Over the course of the day I downloaded scads of pictures on my Iphone to my computer. A day when it is really too cold to be outdoors is a really rare day. A day confined to the inside is not my most favorite day, but confining circumstances can make for some unexpected pleasure. Pictures that I took in June of this past year-I was looking at them for the first time. The roses-how beautiful they were.
There are those gardeners who would choose to pass by a planting of roses. Too much trouble to grow. Too much a symbol of the history of gardens. No doubt rose bushes are just about the most ungainly and unattractive shrubs ever to grace the earth. But I would not want my garden to do without them.
I only grow a few roses. Carefree Beauty, and Earthsong, bred by Griffith Buck. Jeannie Le Joie-a miniature climbing rose. Eden-a large flowered climbing rose. And the English bred shrub rose Sally Holmes.
The most of the month of June is a delight to this gardener. The roses play no small part in this. I love the flowers and the fragrance. On a freezing January day that keeps me inside, the memory of the roses comfort me.
Every gardener’s circumstances are different, but our December is notable for the coming of the cold. No matter what year it is, my plan for the holiday and winter garden at the shop has to include an element that is warm. The lighting is warm. Sparkly or reflective materials can be warm. The sentiment of the season can be warm. Rob says the shop garden this year is cozy. As in yard after yard of thick fir garland. Concolor fir, noble, silver, Douglas, balsam-fir is a very sturdy and long lasting green outdoors. The garland was loosely wrapped with grapevine garland. The contrast of the bare vines and the lush garland The window boxes have fir blankets. The windows have fir hats. It was 14 degrees this morning when I took this picture, but the garden looks warm.
The window boxes are stuffed with mixed greens. As the mixed greens are long and lax, we do a few rows of noble fir at the bottom of the greens to support the entire arrangement. Noble fir is very stiff and strong. Winter weather can be fierce. Snow, wind, ice and various mayhem from the sky can take a toll on a container garden one would want to last until March. Making an arrangement sturdy and strong is more than half of the work of it.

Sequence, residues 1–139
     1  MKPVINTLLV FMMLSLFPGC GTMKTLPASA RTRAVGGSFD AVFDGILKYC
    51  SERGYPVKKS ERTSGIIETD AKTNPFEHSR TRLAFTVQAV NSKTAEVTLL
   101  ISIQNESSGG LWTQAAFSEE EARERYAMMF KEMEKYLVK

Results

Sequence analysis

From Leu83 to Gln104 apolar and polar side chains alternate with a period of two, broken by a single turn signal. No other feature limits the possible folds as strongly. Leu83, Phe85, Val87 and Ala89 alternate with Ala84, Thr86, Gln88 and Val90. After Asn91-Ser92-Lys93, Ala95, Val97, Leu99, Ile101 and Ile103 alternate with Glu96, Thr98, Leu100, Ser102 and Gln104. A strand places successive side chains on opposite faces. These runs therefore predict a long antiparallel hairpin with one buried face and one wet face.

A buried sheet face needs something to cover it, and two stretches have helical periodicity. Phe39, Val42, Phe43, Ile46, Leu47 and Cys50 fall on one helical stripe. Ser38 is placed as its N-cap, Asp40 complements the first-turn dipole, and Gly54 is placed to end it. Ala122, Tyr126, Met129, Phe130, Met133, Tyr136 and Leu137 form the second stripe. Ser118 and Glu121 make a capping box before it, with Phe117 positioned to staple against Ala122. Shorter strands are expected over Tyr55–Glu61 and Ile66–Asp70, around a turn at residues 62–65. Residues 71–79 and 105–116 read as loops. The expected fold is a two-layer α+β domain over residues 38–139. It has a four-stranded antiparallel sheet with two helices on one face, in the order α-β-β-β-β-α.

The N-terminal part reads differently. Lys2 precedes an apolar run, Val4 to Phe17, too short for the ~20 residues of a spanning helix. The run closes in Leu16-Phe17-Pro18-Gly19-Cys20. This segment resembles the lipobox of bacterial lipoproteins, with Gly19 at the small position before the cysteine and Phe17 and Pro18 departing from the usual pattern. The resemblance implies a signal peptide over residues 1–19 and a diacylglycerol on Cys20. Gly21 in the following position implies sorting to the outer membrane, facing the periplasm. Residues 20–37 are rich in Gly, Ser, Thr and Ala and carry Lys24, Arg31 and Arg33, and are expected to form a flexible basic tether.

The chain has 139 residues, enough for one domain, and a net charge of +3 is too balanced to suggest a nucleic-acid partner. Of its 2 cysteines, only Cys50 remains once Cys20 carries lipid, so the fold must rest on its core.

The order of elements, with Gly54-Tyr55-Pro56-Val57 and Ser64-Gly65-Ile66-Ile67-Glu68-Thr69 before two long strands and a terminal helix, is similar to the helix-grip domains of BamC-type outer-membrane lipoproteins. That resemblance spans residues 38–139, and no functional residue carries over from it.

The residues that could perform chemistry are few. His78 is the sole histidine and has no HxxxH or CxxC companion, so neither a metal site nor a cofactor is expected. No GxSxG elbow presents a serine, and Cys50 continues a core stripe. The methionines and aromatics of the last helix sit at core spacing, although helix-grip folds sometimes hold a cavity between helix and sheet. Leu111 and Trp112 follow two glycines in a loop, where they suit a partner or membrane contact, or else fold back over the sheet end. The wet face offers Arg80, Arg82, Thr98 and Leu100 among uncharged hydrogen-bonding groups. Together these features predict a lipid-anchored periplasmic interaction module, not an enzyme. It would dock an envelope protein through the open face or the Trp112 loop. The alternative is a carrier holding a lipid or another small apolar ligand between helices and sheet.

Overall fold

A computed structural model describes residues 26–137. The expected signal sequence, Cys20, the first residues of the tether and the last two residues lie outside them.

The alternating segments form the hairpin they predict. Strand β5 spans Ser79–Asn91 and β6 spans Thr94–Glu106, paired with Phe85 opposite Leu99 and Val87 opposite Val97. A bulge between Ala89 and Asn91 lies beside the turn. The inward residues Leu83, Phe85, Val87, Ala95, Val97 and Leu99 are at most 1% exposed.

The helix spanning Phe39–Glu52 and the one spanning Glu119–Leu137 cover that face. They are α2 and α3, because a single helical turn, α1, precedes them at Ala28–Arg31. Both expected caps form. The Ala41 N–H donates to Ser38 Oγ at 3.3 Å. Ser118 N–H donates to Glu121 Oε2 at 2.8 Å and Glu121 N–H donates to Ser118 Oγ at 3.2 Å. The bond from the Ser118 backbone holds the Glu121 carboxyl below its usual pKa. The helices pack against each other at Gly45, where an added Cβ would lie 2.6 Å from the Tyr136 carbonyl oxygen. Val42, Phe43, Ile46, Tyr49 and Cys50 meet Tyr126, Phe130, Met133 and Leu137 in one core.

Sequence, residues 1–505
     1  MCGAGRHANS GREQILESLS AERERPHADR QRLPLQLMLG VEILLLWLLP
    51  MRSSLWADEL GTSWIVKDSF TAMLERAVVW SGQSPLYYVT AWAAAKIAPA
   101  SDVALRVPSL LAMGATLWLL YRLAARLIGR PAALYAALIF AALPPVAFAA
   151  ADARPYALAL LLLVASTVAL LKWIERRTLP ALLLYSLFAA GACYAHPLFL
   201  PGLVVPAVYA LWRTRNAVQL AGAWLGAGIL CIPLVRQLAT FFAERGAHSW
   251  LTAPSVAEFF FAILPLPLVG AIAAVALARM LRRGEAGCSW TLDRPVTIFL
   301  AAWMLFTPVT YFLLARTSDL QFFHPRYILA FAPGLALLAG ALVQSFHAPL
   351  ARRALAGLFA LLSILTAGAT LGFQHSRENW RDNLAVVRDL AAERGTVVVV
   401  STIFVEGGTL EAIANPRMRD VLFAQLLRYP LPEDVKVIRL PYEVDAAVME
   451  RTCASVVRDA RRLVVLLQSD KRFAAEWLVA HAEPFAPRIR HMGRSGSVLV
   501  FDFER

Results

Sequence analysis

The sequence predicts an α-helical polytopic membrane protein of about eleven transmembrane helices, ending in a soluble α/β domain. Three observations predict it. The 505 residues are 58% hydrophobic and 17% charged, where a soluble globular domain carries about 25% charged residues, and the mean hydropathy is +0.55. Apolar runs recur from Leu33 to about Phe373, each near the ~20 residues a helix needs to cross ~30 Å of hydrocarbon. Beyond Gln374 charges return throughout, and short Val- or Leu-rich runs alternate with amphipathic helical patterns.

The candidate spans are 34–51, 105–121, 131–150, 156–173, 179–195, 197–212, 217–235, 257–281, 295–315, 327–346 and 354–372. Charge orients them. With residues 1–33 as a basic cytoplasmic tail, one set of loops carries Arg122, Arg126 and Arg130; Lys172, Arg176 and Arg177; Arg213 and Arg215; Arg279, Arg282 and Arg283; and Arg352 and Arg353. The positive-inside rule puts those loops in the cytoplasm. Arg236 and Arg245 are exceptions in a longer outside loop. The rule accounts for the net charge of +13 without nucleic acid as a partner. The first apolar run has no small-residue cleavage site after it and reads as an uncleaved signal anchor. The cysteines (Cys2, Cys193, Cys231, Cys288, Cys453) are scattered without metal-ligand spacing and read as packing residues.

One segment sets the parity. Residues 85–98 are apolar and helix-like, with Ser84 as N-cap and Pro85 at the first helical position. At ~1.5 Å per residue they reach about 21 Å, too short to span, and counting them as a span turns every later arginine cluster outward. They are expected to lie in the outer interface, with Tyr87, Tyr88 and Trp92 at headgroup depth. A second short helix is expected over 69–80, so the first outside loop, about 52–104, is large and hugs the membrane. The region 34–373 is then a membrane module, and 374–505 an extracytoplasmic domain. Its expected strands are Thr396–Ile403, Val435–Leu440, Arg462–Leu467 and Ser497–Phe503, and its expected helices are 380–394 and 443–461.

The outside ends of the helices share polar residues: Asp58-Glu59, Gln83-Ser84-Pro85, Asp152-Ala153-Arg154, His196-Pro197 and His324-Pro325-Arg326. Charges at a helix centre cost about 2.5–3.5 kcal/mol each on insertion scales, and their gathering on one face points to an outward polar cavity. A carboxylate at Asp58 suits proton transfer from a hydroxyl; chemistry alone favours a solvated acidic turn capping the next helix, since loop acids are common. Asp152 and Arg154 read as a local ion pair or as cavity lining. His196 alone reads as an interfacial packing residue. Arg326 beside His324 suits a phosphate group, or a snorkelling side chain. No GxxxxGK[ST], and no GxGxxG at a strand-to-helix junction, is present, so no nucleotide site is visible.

The centerpieces are composed of red bud pussy willow, ochre eucalyptus, a few springs of metallic gold eucalyptus, and a ruff of gold sinamay. For good measure, a dollop of sugar pine cones completes the look. Given that the building is large, and the garden is mostly viewed from the street, or from a car, the materials are over scaled. A smaller pine cone would not have much impact given the scale of the building.
Over the summer, these Belgian blue stone plinths supported Italian terra cotta pots with boxwood spheres. Winter arrangements in my zone ask for pots that are frost proof. Though boxwood is generally hardy in pots, I would be uneasy about an extended period of low temperatures. We have had an uncharacteristically cold late fall-12 degrees overnight is much more like late January than early December. This garden would have a very bleak look, but for its winter dress.
Winter gardens are for viewing from a distance. It is unlikely anyone will be lingering here for long. Big, warm, and simple gestures go a long way towards banishing the winter blues. A design which gives the illusion of warmth is appreciated when the weather is so dreary. Decorating the garden has its benefits. It feels good to have something to do that at least approximates gardening. And it is nice to have something good to look at while the garden is dormant. This garden is just about ready for the snow.
The fir hats over the windows are composed of garlands that are attached to bamboo poles. Garden has a natural tendency to fall, swoop and swag. If you want a straight and orderly appearance, a bamboo pole will keep all of the clippings in line. The poles are then wired to the pediment. I like this construction technique for mantels too.
My favorite part of this winter garden are the garlands and grapevines on the tree trunks. Deciduous trees have a very spare and sculptural look during the winter. These over sized scarves that puddle on the ground make the trees look protected and warm.